Quick hits:

And now, my reader is clear, and I'm off to dinner. Hope you find some material of interest for your weekend web reading.

Little, Brown Replaces Benedict Covers and Dearborn Schools Replace Librarians

Two quick tidbits from School Library Journal's Extra Helping today. First, from Rocco Staino (and quoting a number of bloggers):

Little, Brown Books for Young Readers is changing the covers on Trenton Lee Stewart’s "Mysterious Benedict Society" series, following complaints that the character Sticky Washington, described as having light brown skin, appears on all three covers as white.

via www.schoollibraryjournal.com

And, from Lauren Barack:

Students in Dearborn, MI, may be seeing their parents in the school library more often than the librarian. It’s a scenario set to happen in Dearborn Public Schools as budget cuts take effect next month and 13 media specialists lose their positions (one through retirement), leaving just eight librarians to run the 32 K–12 school libraries, says David Mustonen, communications coordinator for Dearborn Public Schools.

via www.schoollibraryjournal.com

I'm all for parents volunteering in school libraries. But replacing qualified librarians with parent volunteers is a disservice to students. At least replacing the Mysterious Benedict Society covers is a positive thing... 

Friday Afternoon Visits: January 22: Kidlitosphere News and Views

The Kidlitosphere has been largely dominated by news about the ALA awards and a couple of book cover controversies this week. Still, I did manage to find a few other links, too. Hope that you find some tidbits of interest.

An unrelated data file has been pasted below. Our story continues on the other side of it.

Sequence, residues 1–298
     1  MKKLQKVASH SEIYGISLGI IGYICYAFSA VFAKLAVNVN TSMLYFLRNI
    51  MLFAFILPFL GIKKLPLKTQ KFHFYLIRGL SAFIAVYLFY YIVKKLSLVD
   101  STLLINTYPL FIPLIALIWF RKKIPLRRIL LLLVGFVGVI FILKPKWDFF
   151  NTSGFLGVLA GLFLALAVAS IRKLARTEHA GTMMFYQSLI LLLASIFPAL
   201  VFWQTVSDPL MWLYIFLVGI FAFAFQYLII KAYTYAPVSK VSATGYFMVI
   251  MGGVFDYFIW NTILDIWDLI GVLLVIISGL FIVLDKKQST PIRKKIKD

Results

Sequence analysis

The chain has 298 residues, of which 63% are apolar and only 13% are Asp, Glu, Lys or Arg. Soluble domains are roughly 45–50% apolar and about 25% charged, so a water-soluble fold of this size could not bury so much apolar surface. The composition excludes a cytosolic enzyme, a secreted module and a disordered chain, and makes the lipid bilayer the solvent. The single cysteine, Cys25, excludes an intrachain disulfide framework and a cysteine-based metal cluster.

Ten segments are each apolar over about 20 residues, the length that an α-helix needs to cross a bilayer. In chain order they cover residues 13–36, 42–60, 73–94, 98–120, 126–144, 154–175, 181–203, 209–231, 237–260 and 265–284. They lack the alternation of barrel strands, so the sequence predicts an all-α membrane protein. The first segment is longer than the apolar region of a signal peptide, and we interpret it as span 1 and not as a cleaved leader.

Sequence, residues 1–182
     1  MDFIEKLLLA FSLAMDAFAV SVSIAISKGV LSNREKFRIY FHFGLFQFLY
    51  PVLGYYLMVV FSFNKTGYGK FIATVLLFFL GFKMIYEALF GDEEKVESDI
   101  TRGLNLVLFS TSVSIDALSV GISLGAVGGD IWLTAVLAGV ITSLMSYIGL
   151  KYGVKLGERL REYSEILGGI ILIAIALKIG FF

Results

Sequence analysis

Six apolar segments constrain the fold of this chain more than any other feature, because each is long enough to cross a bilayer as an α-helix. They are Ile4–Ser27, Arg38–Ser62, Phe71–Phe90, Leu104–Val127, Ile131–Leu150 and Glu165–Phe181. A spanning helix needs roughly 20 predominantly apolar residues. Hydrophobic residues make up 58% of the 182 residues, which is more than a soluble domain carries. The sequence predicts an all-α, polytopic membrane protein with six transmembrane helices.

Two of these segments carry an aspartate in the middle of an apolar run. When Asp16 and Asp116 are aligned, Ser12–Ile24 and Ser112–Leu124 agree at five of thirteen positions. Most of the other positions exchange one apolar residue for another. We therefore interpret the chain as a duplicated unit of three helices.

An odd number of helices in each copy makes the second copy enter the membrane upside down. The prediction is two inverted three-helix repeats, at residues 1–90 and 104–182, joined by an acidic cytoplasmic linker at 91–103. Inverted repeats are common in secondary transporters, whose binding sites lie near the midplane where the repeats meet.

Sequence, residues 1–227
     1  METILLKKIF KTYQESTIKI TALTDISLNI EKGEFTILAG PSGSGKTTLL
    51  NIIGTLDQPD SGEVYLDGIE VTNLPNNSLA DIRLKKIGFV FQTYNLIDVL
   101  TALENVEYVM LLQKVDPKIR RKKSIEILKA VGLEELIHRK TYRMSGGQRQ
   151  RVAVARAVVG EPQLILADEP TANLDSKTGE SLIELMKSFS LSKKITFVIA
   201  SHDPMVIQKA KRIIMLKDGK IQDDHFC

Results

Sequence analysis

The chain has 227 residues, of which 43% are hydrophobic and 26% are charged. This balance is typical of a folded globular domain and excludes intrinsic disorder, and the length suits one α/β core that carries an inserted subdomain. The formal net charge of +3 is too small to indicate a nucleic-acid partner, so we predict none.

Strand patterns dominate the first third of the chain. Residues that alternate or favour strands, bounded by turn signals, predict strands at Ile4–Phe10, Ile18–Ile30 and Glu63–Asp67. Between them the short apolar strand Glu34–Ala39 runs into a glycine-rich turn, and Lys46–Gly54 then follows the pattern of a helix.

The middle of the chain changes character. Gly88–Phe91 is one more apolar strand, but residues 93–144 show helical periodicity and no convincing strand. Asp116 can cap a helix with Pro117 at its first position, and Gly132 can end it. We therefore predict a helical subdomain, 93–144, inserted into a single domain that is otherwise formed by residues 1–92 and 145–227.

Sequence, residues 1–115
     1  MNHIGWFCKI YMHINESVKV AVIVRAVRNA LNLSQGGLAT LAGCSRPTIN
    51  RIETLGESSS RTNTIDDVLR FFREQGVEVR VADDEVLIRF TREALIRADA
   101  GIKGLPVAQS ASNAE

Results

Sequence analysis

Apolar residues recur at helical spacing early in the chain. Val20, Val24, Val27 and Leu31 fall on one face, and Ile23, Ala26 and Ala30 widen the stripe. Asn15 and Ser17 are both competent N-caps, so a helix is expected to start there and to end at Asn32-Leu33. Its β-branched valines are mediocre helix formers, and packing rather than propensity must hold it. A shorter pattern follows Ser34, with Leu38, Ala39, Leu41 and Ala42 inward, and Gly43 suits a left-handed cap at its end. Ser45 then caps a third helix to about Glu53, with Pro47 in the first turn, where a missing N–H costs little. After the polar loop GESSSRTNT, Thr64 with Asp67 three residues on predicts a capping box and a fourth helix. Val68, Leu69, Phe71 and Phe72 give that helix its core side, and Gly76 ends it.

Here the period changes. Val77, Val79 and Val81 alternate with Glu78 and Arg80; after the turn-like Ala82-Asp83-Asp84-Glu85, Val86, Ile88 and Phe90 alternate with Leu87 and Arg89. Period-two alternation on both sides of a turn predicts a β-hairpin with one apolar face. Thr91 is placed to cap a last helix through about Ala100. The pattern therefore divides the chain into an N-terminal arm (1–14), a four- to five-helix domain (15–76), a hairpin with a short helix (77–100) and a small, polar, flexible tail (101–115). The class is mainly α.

After a brief absence, the monthly Carnival of Children's Literature is back. Anastasia Suen has taken over organizing the carnivals from founder Melissa Wiley. The Carnival is a monthly celebration of children's literature. A different person hosts each month. Participants submit either their best post from the current month, or (in some cases) posts according to a particular theme. For January, Jenny Schwartzberg will be hosting the carnival. The theme is Winter Wonderland (fitting, since the carnival will be held at Jenny's Wonderland of Books). Submissions are due by midnight January 29th, at the Carnival submission page. I'll let you know when the Carnival is available for viewing.

51Q+0MmPZfL._SL500_AA240_ I mentioned briefly in my last roundup that a new tempest had blown up around the Kidlitosphere. I wasn't even sure how to write about it, because I was running across posts everywhere. Fortunately, MotherReader is on the job. She has a summary of the most important links regarding the issue with the cover of Magic Under Glass by Jaclyn Dolamore, another Bloomsbury title featuring a protagonist of color, and a whitewashed cover.

In related news, and I'm blatantly lifting this blurb from Betsy Bird's latest FuseNews, "Little, Brown & Co? You got some 'splaining to do. Both 100 Scope Notes and bookshelves of doom bring up a bit of whitewashing that I was assured at the time was a one time printing mischief on the first cover . . . unaware that it happened again on the second. And the third. You know what I'm talking about, Mysterious Benedict Society."